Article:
By Mary Grady, Contributing editor
The first airplane flight in Alaska took place 100 years ago, 10 years after the Wright brothers' first flight, but once the airplane arrived, it played a major role in the history of the state. Today, Alaskans fly 30 times as much as other U.S. citizens, and aviation is crucial to the local economy. To celebrate the centenary, the Anchorage Museum has assembled an exhibit, "Arctic Flight," that examines how aviation changed the way of life in Alaska. A restored 1928 Stearman C2B biplane, borrowed from the Alaska Aviation Museum, anchors the exhibit, which also features artifacts on loan from the National Air and Space Museum.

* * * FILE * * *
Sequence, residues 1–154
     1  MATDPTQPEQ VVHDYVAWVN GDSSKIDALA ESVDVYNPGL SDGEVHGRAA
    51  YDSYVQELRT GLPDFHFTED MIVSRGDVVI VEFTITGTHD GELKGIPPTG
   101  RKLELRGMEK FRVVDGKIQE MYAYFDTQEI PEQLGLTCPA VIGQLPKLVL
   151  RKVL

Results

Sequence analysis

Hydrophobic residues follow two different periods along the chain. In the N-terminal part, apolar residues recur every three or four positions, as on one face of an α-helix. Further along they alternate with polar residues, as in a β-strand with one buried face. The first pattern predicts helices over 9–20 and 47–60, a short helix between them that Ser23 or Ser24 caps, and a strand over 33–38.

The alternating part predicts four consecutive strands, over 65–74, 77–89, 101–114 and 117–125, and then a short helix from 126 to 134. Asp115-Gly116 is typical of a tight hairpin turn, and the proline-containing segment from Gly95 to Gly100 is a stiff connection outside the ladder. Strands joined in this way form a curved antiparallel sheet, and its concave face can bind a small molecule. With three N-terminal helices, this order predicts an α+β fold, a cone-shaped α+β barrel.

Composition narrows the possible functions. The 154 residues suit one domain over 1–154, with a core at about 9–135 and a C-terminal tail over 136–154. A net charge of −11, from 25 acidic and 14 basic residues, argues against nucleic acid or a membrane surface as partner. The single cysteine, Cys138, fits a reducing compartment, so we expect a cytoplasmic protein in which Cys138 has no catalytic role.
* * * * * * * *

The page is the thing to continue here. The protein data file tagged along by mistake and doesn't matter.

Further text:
Artifacts on display include wreckage from the Will Rogers/Wiley Post crash of 1935 and a military-issued electric flight jacket from World War II. Film footage features a 1927 clip of the first airplane to fly over the North Pole and newsreels of the World War II campaign in the Aleutian Islands. Several historical lectures and a showing of the 1927 silent film, Wings, are scheduled. The exhibit is on display until August 11. For more details about the exhibit and how it illuminates Alaska's aviation history, listen to Mary Grady's podcast interview with Julie Decker, chief curator of the museum.